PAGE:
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John Lilburne, footwear, fame, and radical history

By Ted Vallance


Forrest Gump’s momma famously told him that you could tell a lot about a person from their shoes. Footwear features prominently in two images of the Leveller leader John Lilburne, with both the seventeenth- and the nineteenth-century prints depicting Lilburne wearing striking leather boots. The Sunderland museum also holds a pair of boots once said to have belonged to Lilburne, though these appear to be of a rather plainer design than those that were so lovingly rendered in his 1649 trial portrait.

John Lilburne's boots, Sunderland Museums & Winter Gardens, Tyne & Wear Archives & Museums. twmuseums.org.uk/sunderland
Frontispiece to Theodorus Verax (Clement Walker), The Triall of Lieut. Collonell John Lilburne (1649) British Museum AN514450001, © The Trustees of the British Museum
 
 
 
 
 
 
 
 
 
 
 
 
 
 
 
 
 
 
 
 
 
 
 
I included an image of these boots in a ‘guess the seventeenth century-radical’ quiz for my third-year students. Tellingly, it was the only picture that everyone identified correctly. The importance of image and personality to Lilburne’s survival in the public memory has been noted by the historian Mike Braddick. Indeed, Braddick has dubbed Lilburne ‘the celebrity radical’, seeing him as a figure whose political style provided a template for later radical figures such as John Wilkes.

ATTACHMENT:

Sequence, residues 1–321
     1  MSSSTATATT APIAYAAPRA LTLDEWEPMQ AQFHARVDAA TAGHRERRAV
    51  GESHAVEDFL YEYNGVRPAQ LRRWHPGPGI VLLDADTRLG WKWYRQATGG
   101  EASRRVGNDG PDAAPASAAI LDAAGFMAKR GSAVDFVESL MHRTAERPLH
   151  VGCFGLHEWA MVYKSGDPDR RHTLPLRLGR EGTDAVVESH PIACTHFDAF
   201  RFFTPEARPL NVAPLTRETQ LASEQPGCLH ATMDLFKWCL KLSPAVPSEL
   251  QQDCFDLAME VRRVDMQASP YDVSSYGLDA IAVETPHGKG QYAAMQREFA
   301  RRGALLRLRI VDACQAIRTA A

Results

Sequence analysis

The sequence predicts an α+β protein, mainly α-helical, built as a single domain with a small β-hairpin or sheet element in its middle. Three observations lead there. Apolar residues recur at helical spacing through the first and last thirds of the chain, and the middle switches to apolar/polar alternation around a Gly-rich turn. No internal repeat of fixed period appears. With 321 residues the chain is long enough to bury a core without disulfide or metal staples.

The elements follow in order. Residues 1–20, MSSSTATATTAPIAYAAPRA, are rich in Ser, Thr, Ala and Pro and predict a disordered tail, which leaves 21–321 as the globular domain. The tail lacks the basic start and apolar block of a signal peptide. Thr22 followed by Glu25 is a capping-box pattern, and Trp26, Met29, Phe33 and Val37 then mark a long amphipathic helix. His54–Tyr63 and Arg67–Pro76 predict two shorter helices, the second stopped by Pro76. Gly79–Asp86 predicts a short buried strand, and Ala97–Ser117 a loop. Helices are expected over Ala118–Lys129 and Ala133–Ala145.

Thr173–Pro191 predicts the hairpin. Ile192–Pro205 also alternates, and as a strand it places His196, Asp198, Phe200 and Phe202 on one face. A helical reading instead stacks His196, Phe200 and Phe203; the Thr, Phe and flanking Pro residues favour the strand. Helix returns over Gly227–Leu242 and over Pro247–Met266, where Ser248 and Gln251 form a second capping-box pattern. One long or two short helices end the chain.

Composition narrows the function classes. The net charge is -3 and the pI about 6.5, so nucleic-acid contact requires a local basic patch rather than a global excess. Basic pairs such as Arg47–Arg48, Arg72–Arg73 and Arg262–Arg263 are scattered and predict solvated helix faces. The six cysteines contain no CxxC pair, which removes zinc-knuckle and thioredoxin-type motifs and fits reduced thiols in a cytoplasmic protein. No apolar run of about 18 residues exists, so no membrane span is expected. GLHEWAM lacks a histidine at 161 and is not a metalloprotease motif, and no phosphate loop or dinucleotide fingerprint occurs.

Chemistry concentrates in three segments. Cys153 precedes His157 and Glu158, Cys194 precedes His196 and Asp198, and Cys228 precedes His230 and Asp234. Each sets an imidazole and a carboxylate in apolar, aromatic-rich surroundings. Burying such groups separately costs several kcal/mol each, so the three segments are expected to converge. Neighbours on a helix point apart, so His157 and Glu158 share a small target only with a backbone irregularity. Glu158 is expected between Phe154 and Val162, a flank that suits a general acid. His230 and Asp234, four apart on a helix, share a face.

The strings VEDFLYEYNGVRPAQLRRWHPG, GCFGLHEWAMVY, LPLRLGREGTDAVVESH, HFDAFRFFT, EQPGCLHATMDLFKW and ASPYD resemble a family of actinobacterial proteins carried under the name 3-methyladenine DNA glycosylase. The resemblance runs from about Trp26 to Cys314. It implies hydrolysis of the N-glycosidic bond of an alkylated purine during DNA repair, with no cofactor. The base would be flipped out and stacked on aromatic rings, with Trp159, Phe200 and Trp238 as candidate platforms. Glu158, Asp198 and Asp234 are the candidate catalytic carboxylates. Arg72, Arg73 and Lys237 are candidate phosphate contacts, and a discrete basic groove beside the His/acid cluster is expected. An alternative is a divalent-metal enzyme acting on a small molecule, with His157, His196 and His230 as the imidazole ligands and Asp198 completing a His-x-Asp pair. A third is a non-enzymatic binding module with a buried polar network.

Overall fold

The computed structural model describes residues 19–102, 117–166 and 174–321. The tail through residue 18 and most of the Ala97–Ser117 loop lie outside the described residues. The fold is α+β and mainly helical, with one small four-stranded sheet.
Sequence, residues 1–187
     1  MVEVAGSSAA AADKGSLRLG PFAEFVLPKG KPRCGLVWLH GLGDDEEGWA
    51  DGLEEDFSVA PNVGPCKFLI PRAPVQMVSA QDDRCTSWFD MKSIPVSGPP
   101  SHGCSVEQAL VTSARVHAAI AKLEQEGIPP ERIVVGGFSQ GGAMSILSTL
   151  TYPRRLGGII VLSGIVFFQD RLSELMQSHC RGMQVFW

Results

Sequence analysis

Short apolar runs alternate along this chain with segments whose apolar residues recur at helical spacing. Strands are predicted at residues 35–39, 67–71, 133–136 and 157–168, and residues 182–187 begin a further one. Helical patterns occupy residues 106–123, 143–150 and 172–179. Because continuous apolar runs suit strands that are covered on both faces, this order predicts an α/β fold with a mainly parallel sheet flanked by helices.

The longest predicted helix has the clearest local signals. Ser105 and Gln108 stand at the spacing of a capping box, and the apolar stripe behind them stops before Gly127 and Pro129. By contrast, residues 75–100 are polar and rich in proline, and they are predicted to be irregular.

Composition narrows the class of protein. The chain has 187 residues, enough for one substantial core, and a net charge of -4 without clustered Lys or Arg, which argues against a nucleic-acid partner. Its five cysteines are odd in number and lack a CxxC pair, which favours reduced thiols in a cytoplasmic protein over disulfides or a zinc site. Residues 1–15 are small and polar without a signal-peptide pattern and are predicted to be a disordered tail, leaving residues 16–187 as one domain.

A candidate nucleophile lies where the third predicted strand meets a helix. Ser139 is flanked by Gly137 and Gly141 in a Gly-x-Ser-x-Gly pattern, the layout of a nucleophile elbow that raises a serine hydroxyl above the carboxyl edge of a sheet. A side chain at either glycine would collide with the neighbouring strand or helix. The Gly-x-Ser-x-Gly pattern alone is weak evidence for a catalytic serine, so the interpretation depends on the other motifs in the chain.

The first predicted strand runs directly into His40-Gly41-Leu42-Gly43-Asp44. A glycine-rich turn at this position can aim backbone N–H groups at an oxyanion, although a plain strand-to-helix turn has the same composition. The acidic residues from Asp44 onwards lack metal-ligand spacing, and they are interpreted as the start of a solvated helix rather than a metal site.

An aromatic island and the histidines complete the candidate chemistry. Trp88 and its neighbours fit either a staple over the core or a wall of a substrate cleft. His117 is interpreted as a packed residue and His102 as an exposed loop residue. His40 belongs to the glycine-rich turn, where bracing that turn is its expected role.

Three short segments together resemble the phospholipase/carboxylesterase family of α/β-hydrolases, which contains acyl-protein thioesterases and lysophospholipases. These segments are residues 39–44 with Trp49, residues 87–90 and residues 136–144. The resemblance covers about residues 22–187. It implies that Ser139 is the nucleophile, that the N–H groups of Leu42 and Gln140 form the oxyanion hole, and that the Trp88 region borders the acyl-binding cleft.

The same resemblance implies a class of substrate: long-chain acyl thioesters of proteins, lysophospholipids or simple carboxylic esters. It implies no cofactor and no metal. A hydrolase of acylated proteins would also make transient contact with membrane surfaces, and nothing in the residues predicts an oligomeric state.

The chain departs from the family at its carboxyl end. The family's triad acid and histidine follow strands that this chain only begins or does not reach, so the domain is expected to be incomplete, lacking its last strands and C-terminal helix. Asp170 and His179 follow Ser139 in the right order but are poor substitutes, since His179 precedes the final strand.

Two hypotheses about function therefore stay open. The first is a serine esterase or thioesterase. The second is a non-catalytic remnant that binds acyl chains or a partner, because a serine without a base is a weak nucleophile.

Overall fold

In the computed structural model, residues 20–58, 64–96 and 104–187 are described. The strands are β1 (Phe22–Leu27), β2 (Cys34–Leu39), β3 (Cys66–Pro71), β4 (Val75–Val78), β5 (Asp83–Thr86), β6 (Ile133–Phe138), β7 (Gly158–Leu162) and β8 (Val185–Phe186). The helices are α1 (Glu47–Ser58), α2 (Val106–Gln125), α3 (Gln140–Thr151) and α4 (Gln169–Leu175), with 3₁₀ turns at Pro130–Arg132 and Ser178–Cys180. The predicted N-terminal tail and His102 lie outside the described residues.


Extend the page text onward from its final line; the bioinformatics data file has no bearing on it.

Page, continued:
Lilburne is now probably the best-known of all seventeenth-century radicals, featuring in television dramas (Channel 4’s The Devil’s Whore) and even inspiring a rock opera (Rev Hammer’s Freeborn John). However, it’s generally accepted that historical and public interest in Lilburne and the Levellers is relatively recent phenomenon, going back no further than the late nineteenth century.  Then the Levellers came to be a subject for serious historical investigation through a combination of archival discoveries (the Clarke papers that contained the text of the Putney Debates) and, more importantly, the writings of liberal, socialist and Marxist scholars who saw in the Levellers either their intellectual ancestors or the agents of bourgeois revolution.

Blair Worden, whose Roundhead Reputations (2001) brilliantly traces these historiographical developments, has noted that Lilburne was alone amongst Leveller writers in receiving some public attention in the eighteenth and early nineteenth centuries. However, according to Worden, these representations of Lilburne largely separated him from the Leveller movement and instead re-imagined him as a proto-‘Patriot’ figure.

Yet, in researching Lilburne’s eighteenth-century reputation, it became clear that both his connections to the Levellers and the details of his biography were better known than had previously been thought. Some of these eighteenth-century representations were surprisingly accurate, based on close-reading of Lilburne’s pamphlets (still the main source for biographical information on him.)